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Spring 1985 · Vol. 14 No. 1 · pp. 14–25 

Immersion and the Mennonite Brethren Identity Crisis

Delbert L. Wiens


I hoped that the indignation I felt was righteous, because I was determined to be bold. I was standing with the microphone in my hand and had been designated the next speaker, but the delegate before me got the resolution tabled. Though frustrated, I was also relieved. The first statement of counsel presented by the Board of Reference and Counsel (BORAC) had called for “corrective criticism,” but it had also asked that it be coupled with affirmation. At that moment, I could see nothing to affirm.

Immersion lies at the surface of the current debate. If we dip more deeply we find . . .

Certainly the “Resolution on ordination/baptism of pastors” could not be affirmed by anyone. When I first read it, I had felt sorry for those who agreed with its main point (that Mennonite Brethren churches should continue to require rebaptism of those seeking ordination whose earlier believer’s baptism had not been by immersion). They deserved a better defense of their position. Surely so feeble an argument could only have been put together by someone secretly determined to sabotage the practice ostensibly being defended. 1 But some of the responses during the discussion on the conference floor were even less “affirmable.” I had three points to make.

First, I was going to ask BORAC to clarify Rationale 4 in the resolution:

4. We agree that a case can be made from a theological point of view that immersion is not the essence of baptism; but the willingness of {15} our ordained leaders to comply with the polity of the conference leads us to affirm our historic position.

The first clause can have at least three very different meanings:

  1. We are in theological agreement: immersion is not the essence of baptism.
  2. We note that there are important theological arguments, presumably balancing arguments for the contrary case.
  3. We grant that at least a few (“far out”?) people have argued theologically that immersion is not the essence of baptism.

The second clause of the rationale, a complete non sequitur seems to rule out (2), for then a following theological debate would have been necessary to rule out one of the cases. Two speakers from the floor who referred to the rationale simply took it for granted that (1) was the intended meaning and used it to argue against requiring rebaptisms.

On the other hand, a strong case can be made that (3) was the intended meaning. The first rationale claims that such rebaptism “is in keeping with our Confession of Faith.” If so, then there would seem to be theological arguments linking immersion to the essence of baptism. Besides, when the entire resolution was read the BORAC spokesperson had strongly emphasized the “can”—“a case can be made . . . .” And the speaker’s tone implied disbelief that anyone should be so misled as to try to make it.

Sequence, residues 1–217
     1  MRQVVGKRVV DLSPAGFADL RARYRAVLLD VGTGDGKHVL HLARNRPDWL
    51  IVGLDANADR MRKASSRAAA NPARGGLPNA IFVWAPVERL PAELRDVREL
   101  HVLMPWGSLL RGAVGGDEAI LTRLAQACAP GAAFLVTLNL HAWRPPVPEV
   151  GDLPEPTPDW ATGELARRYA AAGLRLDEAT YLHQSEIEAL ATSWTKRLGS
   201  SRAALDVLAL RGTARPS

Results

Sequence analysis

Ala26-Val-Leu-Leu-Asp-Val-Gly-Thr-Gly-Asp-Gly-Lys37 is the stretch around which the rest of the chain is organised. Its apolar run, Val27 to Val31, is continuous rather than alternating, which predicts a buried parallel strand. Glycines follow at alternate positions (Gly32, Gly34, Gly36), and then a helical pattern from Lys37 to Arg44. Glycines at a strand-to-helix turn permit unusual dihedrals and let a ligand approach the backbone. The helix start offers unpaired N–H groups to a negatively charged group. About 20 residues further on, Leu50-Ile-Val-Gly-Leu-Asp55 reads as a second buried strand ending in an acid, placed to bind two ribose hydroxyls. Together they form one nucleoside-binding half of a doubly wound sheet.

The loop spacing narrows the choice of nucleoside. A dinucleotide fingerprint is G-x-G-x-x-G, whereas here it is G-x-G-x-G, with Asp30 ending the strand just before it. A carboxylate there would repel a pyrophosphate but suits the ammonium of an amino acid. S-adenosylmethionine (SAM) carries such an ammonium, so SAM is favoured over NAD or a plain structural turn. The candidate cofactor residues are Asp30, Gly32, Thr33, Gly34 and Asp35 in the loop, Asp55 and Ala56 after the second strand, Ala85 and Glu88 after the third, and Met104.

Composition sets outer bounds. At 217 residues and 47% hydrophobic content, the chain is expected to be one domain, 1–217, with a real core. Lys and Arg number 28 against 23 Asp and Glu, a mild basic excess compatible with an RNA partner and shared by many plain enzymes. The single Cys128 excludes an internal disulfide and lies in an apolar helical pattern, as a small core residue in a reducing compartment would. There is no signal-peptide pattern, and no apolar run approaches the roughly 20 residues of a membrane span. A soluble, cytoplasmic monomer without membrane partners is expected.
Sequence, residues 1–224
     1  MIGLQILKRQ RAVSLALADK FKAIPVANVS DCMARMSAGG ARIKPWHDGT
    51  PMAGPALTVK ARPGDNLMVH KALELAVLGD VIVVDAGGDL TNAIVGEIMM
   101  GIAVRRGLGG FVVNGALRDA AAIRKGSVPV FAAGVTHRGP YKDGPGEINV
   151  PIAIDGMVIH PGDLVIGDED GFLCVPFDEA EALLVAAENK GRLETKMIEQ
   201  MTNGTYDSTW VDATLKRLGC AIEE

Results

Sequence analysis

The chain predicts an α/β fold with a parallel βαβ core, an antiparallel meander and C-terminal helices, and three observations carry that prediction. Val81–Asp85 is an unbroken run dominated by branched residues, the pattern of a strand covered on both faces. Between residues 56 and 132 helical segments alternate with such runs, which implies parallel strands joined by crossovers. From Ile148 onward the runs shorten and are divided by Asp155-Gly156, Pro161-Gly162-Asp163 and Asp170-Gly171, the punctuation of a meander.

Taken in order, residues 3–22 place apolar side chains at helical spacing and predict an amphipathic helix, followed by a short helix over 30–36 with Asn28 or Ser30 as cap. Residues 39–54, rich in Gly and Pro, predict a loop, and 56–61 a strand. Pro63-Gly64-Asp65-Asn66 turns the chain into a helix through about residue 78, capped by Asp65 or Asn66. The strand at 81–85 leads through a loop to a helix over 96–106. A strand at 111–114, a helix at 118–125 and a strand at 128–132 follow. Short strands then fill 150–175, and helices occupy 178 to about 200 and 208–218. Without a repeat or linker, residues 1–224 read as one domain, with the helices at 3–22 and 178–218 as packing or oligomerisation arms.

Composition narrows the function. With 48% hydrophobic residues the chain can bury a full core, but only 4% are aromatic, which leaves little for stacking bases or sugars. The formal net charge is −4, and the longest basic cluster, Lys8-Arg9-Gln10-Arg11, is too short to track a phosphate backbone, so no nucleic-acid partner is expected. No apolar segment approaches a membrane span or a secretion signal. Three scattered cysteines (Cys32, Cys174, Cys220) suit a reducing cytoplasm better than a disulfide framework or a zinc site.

But if (3) is the correct interpretation of BORAC’s intention, then that Board needs to be reminded that just over twenty years ago it had argued for (1) to justify accepting any of the non-immersed without rebaptism. If (3) is right, the non-immersed are unbaptized, and we have been accepting them as members for two decades.

At the very least, the Conference has the right to demand clarification. One would expect clear and coherent rationales for any position important enough to warrant a resolution.

This leads to the second criticism which I thought ought to be made. I was upset not only because the “theologizing” had been confused but, even worse, that it was not held to be important at all.

At one point, to account for BORAC’s surprise at the volume of opposition to the resolution, the one leading the session blamed those churches which had not answered their earlier request for responses to the proposed resolution. In effect, he was complaining that the 147 responses that had come in had not been an adequate sampling to gauge what the churches wanted. He thus made very clear what had been implied all along. This issue was to be decided by majority vote based on old and new sentiments, not on a consensus discovered through careful thought and prayer.

Not even the eighty-three “qualifying statements” from the churches which did respond stimulated BORAC to deal with the doctrinal issues. Yet in the resolution they grouped these eighty-three responses under four headings—all of which were doctrinal in nature. One of these four headings was the question whether the mode of baptism is its essence. A significant number of churches asked BORAC to answer that question. Yet Rationale 4 {16} (quoted above) sidestepped this plea with the astonishing claim that we can ignore this theological point since those who have agreed to be rebaptized have indeed agreed to be rebaptized.